Energy and tax measures of huge importance to American manufacturers are on the agenda in Washington. If acted on promptly by Congress, they would work to lower the cost of doing business in the United States and spur innovation and growth.
First up is the Peterson (R-PA) amendment in the FY07 Interior Department appropriations bill, which aims to lift the spending ban three miles and out on the Outer Continental Shelf (OCS) for exploration and production of natural gas. Unfortunately, the amendment does not include oil development, but would permit exploration for oil.
There is expected to be a concerted effort to remove the Peterson amendment from the spending bill when it comes to a House vote soon. It is imperative that the debate on energy matters focus on the basic supply and demand imbalance that is inflating energy prices to all-time highs, and threatening the economic expansion. Peterson must remain.
U.S. environmental policies block access to domestic energy sources in the OCS while at the same time promote increased use of natural gas. This dichotomy cannot sustain itself any longer. For 25 years, we as a nation have avoided the issue of increasing domestic supplies of energy, notably that of natural gas needed to fuel our manufacturing economy. By passing Peterson, the House can move forward on advancing a sensible energy policy.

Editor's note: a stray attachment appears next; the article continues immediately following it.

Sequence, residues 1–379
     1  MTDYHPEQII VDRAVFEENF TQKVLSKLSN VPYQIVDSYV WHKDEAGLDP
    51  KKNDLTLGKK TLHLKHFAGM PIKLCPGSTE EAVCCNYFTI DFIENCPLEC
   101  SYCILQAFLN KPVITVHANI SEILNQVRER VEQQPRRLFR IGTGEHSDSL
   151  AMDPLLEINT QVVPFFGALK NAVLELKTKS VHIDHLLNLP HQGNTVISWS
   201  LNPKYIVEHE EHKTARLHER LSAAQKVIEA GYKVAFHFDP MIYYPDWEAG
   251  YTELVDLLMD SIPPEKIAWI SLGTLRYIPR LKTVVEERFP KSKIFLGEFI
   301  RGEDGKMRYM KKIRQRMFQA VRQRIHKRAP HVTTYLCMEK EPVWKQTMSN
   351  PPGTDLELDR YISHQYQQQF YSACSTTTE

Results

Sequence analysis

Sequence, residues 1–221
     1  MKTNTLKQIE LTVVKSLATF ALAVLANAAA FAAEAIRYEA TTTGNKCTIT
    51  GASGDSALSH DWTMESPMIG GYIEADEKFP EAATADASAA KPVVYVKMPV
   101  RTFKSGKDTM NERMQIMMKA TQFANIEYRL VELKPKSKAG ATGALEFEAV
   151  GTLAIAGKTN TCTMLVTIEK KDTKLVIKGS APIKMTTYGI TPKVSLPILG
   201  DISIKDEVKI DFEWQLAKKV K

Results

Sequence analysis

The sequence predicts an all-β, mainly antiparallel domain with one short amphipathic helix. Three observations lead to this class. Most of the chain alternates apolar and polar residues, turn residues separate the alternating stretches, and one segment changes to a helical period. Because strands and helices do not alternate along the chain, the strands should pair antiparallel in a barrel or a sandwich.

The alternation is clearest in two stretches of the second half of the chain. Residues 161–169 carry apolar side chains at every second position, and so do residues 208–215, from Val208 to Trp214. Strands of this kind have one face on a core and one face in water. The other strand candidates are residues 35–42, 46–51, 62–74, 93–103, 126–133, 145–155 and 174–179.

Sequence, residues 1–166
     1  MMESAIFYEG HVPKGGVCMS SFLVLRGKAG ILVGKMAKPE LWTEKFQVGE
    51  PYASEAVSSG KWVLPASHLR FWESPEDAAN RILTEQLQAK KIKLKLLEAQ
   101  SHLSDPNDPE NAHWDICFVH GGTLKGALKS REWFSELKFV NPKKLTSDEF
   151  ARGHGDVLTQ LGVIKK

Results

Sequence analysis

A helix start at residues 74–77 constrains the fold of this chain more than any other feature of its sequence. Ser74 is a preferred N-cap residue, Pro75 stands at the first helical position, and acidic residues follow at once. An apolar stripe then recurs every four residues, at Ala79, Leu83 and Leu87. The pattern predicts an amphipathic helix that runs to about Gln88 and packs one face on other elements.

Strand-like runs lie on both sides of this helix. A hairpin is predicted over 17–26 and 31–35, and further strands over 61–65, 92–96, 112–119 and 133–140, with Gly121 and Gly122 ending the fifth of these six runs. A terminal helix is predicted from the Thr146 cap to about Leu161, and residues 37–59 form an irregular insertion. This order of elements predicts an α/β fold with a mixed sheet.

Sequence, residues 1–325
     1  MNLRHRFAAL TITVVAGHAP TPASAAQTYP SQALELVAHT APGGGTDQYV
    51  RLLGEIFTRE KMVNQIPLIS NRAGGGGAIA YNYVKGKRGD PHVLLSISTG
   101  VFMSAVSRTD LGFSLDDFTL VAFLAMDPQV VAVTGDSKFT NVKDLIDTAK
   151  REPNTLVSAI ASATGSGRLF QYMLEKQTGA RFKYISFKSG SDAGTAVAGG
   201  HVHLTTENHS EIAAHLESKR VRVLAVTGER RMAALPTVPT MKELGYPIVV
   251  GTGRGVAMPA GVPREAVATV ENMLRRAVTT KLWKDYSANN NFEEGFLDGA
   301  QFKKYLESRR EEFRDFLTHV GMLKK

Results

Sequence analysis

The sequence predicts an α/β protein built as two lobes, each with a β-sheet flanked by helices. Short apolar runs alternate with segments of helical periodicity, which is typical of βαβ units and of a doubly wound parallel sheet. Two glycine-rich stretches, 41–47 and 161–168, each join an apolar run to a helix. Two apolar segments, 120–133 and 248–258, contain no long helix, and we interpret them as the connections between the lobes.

The chemical industry alone has lost 100,000 jobs and $50 billion in business because of rising natural gas prices.
The plastics, fertilizer and other industries reliant on natural gas for energy and as feedstock are being crippled by the lack of supply. And broader yet, all Americans are suffering from the sustained sticker shock of exorbitant energy prices.
Meanwhile, in unrelated tax matters, there is good news and not so good news.
On the positive side, President Bush is expected this week to sign the Tax Increase Prevention and Reconciliation Act (H.R. 4297) into law. It includes several priority issues for U.S. manufacturers, like extensions of the tax rates on capital gains and dividends through 2010 and international tax reforms.
It does not, however, include an extended and strengthened R&D tax credit that expired at the end of 2005. A second tax bill should be written to fix this problem.
By allowing other nations to garner more of the global slice of R&D expenditures because of the expired credit, policymakers are hurting our nation’s great advantage as the developer of cutting edge technologies and innovations.
We need to end the energy crisis as quickly as possible by bringing more domestic supply to market, and revitalize the R&D credit to bolster U.S. manufacturing in the global economy. There is much work to be done.
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